Cleanlink News | 4/16/2008
Gerba: Sometimes It’s Better Not to Clean
According to Dr. Charles Gerba, famed microbiologist with the University of Arizona and a well-known researcher on disease and germ transmission, in some cases “it may be better not to clean a surface than to clean it with soiled cleaning tools … [because] it can spread microorganisms around without your realizing it.”
Gerba says that as some cleaning tools, such as sponges, mops, microfiber cloths and mop heads, as well as conventional cloths, are used, “they actually become micropile compost heaps. In many cases, [the cleaning worker] is just laying down a thin layer of E. coli over the surface as they clean.”
This was made clear in a series of soil removal tests that compared conventional cleaning methods and products with high-flow fluid extraction technologies such as spray-and-vac cleaning systems.
To test the surfaces and determine whether contaminants were present, an ATP monitoring system was used.
ATP, or adenosine triphosphate, is a molecule found in all animal, plant, bacterial, yeast, and mold cells. Its existence on surfaces is usually considered a “red flag” that potential disease-causing germs and bacteria are present.
Testing Procedure … and Surprises
In one test, a floor was thoroughly cleaned and then tested for ATP. A low reading of 25 was measured, which was used as a benchmark.
Then a grape, which contains very high levels of ATP, was spread over the tile floor. The ATP jumped to a very high concentration level of 7267.
The same area was then mopped with a new microfiber mop head soaked in a hospital-grade disinfectant. After cleaning the surface, ATP levels dropped to 1479.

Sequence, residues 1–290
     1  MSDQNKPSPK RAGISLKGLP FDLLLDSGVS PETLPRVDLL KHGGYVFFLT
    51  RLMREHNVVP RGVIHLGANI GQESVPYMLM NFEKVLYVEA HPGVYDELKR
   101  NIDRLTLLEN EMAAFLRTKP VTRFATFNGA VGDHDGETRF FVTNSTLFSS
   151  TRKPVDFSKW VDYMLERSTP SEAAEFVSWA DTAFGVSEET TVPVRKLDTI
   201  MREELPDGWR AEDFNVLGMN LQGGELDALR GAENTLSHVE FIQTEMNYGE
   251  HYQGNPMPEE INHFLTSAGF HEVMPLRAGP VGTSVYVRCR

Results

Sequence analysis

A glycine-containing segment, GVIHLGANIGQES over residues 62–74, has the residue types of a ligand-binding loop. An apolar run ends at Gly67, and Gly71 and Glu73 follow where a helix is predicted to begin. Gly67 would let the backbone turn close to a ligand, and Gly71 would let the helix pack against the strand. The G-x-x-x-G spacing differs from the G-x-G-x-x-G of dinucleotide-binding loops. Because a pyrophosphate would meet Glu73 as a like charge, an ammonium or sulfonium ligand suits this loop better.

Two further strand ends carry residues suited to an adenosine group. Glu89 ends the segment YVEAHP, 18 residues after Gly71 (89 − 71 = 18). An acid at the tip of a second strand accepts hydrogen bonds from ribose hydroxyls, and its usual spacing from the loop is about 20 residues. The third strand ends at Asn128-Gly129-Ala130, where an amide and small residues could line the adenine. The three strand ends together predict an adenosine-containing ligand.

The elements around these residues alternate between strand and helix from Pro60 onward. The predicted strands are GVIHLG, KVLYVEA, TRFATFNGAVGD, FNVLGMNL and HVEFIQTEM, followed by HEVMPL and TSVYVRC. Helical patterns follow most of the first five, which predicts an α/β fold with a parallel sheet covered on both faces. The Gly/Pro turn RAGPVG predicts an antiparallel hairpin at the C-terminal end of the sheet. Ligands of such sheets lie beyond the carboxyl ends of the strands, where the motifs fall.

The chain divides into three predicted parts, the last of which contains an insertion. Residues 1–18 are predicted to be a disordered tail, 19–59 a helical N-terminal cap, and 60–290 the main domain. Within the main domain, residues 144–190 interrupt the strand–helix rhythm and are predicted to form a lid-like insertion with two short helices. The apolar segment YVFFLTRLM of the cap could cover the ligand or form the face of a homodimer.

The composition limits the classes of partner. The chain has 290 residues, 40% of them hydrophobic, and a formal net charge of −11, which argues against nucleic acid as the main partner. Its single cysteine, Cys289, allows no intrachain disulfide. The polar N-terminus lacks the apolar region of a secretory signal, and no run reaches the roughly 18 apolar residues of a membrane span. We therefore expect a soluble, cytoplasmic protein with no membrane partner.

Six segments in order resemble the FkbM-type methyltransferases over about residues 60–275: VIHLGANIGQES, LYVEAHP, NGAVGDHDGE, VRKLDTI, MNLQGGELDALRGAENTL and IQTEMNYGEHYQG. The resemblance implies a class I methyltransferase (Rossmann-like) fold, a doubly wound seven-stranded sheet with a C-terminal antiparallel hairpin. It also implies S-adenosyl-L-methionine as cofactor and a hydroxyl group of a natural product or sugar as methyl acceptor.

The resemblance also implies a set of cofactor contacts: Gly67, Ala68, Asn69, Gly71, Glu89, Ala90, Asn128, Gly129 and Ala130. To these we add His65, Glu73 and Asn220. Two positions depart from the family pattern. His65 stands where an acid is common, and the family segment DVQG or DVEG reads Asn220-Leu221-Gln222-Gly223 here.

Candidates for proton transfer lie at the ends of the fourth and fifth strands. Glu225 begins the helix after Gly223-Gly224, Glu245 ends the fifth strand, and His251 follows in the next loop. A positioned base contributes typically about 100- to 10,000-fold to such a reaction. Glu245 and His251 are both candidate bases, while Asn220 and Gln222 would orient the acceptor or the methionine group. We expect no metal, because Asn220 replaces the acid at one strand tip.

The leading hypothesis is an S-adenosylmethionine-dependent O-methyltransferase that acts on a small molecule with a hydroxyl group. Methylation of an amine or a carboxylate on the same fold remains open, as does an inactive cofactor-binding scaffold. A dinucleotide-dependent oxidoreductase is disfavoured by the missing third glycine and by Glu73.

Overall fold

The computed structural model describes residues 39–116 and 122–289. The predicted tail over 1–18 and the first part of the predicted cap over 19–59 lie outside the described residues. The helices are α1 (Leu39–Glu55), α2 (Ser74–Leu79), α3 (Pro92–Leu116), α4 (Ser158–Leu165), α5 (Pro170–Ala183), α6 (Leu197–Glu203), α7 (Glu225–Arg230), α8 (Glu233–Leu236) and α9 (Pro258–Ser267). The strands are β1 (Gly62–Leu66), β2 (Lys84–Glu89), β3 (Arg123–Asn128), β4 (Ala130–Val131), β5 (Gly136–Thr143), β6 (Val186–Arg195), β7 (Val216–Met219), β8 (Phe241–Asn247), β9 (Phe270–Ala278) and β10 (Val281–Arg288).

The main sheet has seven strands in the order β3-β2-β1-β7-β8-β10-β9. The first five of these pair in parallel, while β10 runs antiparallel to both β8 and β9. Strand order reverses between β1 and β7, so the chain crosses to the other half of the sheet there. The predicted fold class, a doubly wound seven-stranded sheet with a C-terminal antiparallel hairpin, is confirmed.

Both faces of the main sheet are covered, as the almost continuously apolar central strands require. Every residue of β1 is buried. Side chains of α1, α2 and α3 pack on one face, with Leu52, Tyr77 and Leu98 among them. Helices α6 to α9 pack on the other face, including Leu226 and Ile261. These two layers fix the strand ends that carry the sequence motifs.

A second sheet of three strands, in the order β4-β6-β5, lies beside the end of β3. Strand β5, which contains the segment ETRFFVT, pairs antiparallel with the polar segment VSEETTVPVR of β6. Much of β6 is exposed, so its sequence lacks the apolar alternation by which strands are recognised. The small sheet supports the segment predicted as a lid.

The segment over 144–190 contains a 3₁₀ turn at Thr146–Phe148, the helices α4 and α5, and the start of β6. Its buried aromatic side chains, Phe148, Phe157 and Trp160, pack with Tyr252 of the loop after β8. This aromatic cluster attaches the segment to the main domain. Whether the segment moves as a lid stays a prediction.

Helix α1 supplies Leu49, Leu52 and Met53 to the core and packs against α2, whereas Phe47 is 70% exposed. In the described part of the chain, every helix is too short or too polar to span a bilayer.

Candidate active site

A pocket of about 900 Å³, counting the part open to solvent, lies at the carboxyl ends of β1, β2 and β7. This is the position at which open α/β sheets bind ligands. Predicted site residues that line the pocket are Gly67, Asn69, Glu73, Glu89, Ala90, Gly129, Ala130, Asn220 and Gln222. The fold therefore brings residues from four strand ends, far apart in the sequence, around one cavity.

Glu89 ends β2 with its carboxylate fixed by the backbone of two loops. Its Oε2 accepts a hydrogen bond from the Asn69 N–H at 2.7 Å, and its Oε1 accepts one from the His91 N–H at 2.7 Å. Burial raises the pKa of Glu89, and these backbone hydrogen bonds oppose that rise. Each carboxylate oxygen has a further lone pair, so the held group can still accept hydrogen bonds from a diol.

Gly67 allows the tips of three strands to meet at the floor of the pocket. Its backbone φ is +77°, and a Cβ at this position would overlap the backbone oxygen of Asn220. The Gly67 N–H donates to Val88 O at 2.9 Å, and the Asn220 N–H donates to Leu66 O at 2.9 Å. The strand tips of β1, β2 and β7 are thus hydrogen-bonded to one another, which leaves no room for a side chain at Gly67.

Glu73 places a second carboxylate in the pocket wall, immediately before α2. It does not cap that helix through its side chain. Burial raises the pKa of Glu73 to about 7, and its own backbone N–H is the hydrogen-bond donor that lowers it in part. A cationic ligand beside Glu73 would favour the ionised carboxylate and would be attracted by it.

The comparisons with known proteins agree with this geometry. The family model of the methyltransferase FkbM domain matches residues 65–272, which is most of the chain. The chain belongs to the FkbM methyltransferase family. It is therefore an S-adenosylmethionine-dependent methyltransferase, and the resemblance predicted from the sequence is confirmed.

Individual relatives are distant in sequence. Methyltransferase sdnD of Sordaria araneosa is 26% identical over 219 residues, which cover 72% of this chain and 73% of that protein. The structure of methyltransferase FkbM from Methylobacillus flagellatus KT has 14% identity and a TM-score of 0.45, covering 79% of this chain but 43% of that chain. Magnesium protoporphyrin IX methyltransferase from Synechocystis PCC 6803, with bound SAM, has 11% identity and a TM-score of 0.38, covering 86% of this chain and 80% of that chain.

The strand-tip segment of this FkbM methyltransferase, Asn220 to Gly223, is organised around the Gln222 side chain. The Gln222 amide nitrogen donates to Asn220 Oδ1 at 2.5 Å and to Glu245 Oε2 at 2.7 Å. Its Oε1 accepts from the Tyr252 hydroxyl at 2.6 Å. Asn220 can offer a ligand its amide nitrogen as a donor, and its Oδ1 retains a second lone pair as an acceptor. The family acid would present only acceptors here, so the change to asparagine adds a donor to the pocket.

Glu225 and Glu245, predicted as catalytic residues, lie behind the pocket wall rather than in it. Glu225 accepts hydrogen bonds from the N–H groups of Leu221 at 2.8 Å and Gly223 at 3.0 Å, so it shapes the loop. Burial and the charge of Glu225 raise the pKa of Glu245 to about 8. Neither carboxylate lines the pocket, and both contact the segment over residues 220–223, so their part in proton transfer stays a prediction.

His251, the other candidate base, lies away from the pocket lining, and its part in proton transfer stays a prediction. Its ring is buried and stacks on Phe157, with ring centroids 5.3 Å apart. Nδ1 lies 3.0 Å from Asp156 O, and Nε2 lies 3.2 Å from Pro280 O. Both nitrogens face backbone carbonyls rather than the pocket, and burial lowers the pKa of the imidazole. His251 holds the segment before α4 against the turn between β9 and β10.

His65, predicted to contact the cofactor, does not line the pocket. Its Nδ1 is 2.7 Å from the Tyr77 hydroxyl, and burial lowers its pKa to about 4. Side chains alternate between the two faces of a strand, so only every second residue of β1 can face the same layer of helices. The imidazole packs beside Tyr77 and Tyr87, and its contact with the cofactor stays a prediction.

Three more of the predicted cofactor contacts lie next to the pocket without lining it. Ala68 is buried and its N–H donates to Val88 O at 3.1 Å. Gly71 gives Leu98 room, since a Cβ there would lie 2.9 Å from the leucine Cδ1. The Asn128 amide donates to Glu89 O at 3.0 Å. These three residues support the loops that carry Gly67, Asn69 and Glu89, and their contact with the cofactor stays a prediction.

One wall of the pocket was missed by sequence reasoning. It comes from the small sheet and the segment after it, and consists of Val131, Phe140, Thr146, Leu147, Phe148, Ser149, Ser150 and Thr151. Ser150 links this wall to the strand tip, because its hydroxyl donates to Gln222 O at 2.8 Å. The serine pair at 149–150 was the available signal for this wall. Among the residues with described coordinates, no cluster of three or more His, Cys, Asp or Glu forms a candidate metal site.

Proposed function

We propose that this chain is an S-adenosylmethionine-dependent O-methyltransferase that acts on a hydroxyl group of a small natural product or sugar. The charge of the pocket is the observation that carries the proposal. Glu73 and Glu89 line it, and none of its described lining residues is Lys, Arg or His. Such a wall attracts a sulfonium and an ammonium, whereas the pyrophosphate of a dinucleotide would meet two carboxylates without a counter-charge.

“But surprisingly, surrounding tile areas saw their ATP reading jump from 25 to nearly 700—over 27 times greater than initial readings,” says John Richter, a presenter at last year’s Cleaning Industry Research Institute (CIRI) symposium and an engineer and researcher with Kaivac, Inc.
According to Richter, soils and contaminants can become entangled in mop fibers and are redistributed in the cleaning process. “This means the microfiber mop head, as it became soiled, actually spread contaminants to nearby tiles, causing cross contamination,” he says.
The second part of the test involved using a high-flow fluid extraction/spray-and-vac system. Again a grape was spread over a clean surface with an initial ATP measurement of 25. After the grape was applied, the reading jumped to nearly 8000.
“We cleaned the floor using the same disinfectant but with the high-flow fluid extractor, but this time the ATP level dropped to 27,” says Richter. “What’s more, the ATP level on the surrounding floor areas dropped even further to about 20, indicating no evidence of cross contamination.”
Similar tests were conducted on student desktops using microfiber cleaning cloths and a new flat-surface cleaning system (FSC). Here again, the contamination levels as measured by presence of ATP were improved only somewhat with the microfiber, but dramatically with the FSC.
“Many cleaning professionals don’t realize that the cleaning tools they use [can give] germs a free ride around a facility,” says Gerba. “The professional cleaning industry must recognize that they are really in the health-care business. Preventing cross contamination and effectively removing soils and contaminants reduces illness and helps keep people healthy.”